Best LG TVs Buying Guide: Welcome to What Hi-Fi?'s round-up of the best LG TVs you can buy in 2022.
When it comes to buying a new TV, it obviously pays to do your research and shop around, especially with so many deals on offer. But if you've previously owned an LG TV and want to stick with the same look and feel, or you fancy one of the company's high-tech OLEDs, we can help you make the right choice.
How to choose the best LG TV for you
It almost goes without saying, but LG makes some of the best 4K OLED TVs around. Indeed, it pioneered OLED panel technology and sells its OLED panels to rival manufacturers such as Sony, Panasonic and Philips. In short, there's no greater authority in OLED tech than LG.
All of the TVs recommended below are LG's own. All are 4K OLEDs that support HDR10, Dolby Vision and HLG (but not HDR10+), and all have HDMI 2.1 sockets that support eARC (Enhanced Audio Return Channel).
LG TVs use LG's own colourful 'webOS' operating system. On the surface it looks good and is pretty simple to get to grips with, but if you've been reared on Android TV or Samsung's Tizen system, the menus can take a bit of getting used to.
Bigger is better but size isn't everything. If you're going for a 65-inch or 75-inch model, make sure you have room to sit far enough back to enjoy the full effect.
And finally, with new models from the LG 2022 TV line-up beginning to filter into stores, now's a great time buy. Here's our pick of the best LG TVs you can buy right now...
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The OLED65G2 is easily LG’s best OLED TV yet. Its a solid improvement over LG’s 2021 G series, both in terms of the sound, picture and design.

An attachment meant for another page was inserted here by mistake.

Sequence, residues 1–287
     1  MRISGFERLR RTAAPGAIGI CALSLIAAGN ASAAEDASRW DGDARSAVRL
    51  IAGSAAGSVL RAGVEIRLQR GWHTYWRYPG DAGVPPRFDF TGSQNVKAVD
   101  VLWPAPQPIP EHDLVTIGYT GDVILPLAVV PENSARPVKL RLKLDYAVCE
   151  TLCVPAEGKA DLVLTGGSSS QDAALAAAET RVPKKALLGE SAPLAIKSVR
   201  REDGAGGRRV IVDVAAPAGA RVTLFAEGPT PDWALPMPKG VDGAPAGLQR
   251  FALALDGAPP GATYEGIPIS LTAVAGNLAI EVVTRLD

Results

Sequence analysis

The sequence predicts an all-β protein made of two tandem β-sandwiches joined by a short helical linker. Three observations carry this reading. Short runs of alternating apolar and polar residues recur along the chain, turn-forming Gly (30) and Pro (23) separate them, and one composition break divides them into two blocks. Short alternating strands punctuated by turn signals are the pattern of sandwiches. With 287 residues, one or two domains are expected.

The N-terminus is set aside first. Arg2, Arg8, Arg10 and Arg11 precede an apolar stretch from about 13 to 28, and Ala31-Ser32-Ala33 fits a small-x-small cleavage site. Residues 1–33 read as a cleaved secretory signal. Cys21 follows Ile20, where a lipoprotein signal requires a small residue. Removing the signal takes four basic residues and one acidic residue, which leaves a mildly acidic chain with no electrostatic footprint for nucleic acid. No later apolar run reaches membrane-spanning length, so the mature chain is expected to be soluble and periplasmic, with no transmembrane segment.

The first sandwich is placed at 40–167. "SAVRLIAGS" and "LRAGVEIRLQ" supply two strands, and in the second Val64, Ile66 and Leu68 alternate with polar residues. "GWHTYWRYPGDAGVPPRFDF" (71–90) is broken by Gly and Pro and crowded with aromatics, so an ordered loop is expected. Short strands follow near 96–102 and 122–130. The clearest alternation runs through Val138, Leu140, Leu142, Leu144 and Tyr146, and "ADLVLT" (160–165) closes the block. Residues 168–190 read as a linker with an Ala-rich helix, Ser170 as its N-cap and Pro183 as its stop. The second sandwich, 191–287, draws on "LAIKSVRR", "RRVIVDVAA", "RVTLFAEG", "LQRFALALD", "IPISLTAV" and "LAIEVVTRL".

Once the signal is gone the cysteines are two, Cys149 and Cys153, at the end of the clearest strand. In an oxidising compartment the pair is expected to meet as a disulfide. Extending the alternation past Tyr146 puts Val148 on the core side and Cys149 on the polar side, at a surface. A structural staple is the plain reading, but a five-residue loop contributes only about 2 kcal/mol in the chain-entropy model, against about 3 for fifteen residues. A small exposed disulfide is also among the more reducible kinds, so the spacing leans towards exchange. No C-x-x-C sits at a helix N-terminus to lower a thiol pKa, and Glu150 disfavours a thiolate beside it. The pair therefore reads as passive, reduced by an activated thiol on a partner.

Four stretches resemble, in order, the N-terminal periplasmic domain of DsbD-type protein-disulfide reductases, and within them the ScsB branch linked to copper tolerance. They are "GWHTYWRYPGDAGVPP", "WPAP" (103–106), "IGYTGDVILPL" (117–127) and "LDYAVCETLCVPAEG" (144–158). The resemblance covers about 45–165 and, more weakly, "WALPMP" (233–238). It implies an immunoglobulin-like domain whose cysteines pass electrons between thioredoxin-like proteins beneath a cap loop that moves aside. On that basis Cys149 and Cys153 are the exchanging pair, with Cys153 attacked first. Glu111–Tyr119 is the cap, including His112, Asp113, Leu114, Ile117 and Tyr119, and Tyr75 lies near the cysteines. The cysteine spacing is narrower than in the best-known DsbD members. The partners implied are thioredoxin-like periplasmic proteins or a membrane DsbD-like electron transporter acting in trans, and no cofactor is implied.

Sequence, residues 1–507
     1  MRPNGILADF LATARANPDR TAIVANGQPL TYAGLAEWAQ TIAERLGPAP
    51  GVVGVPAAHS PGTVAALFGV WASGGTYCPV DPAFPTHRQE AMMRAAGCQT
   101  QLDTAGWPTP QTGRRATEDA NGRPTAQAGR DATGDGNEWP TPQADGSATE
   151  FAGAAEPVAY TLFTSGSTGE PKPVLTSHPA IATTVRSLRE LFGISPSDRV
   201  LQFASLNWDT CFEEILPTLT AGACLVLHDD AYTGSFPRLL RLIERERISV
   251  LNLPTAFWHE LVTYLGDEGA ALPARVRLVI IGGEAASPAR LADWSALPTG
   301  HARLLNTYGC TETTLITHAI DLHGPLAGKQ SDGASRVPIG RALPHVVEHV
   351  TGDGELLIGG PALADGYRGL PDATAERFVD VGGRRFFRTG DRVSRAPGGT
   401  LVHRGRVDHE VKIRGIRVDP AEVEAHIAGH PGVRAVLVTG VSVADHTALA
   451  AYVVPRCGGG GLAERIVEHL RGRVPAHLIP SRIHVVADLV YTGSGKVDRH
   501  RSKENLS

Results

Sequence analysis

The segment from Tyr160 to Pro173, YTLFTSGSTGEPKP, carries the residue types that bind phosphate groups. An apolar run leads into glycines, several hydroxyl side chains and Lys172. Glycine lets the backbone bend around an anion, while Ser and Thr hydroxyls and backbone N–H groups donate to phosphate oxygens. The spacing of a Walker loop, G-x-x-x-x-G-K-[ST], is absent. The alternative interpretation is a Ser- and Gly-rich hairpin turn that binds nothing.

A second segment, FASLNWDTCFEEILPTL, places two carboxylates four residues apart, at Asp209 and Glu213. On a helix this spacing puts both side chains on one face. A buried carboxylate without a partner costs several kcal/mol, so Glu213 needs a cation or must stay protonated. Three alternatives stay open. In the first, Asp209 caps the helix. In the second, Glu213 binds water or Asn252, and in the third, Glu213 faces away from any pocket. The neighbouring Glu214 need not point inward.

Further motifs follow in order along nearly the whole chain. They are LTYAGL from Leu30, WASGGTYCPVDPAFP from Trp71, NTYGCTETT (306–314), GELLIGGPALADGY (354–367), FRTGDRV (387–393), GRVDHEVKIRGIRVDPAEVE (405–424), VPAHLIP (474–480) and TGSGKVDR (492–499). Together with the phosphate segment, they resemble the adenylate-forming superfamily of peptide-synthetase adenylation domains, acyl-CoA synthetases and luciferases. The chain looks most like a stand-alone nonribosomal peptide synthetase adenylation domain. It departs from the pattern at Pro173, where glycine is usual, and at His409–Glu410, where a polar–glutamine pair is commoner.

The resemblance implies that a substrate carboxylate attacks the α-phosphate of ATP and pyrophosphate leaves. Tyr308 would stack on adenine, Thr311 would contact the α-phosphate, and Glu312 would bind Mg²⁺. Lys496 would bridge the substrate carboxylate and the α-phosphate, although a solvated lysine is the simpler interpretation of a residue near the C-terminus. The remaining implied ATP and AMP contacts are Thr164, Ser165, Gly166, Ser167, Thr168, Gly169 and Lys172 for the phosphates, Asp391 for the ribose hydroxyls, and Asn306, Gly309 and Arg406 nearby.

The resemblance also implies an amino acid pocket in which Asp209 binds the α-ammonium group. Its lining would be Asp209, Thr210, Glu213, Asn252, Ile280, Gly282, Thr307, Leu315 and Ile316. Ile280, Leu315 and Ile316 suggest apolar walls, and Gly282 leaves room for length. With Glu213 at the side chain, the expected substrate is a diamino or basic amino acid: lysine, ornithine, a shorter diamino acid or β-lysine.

Images are richer and the extra brightness it achieves thanks to its new heat sink and new processor delivers nothing but positives, enhancing everything from basic HD SDR to sparkling 4K HDR. It's brilliant with the latest gaming devices, too, extracting the maximum clarity out of next-gen consoles and PC graphics cards.
LG TVs are not renowned for their sonic abilities, but the G2 is a step up compared to last year's G1. Particularly pleasing is how much more dynamic the sound appears when running in Dolby Atmos mode.
The ‘Gallery’ design, optimised for wall mounting (this TV has a depth of just 2.4cm), now boasts a high quality metal ‘wrap’ that gives the G2 a superbly premium look to match the legendarily deep black tones that LG OLED TVs have long been known for.
All in all, the G2 is truly a thing of beauty. It might be targeted at the no-expense-spared crowd, but it will tempt many to step up to it from the mid-range C2, despite the high price.
In performance-per-pound terms, the Award-winning C1 is the standout model in the LG 2021 TV line-up. In fact, it's one of the most recommendable TVs available right now. It isn’t a great improvement on its predecessor, the CX, but there wasn’t much that needed improving.
Picture performance and features are exemplary. A strong app selection includes Netflix, Amazon Prime Video, Disney+ and Apple TV, all with full support for 4K, Dolby Vision and Dolby Atmos. You also get an improved webOS 6.0 menu system new Cinematic Movement motion processing.
The 2021 LG G1 offers an even better picture in terms of brightness, sharpness and detail, but we're not talking huge margins and most people will struggle to justify the extra £500 ($500). Sound is average so you should budget for a separate sound system or soundbar to accompany your new TV.
When you balance the price against the stunning picture, the C1 tops our list of the best LG TVs. We've tested the 65-inch and 48-inch (see below), but it's also available as a 55-inch, 77-inch and 83-inch.
Read the full LG OLED65C1 review
For the last few years, LG's C-class model has offered the tech giant's latest and greatest picture processing tech at the most affordable price. But for 2021, LG introduced a new ‘OLED Evo’ panel that promises increased brightness and sharpness.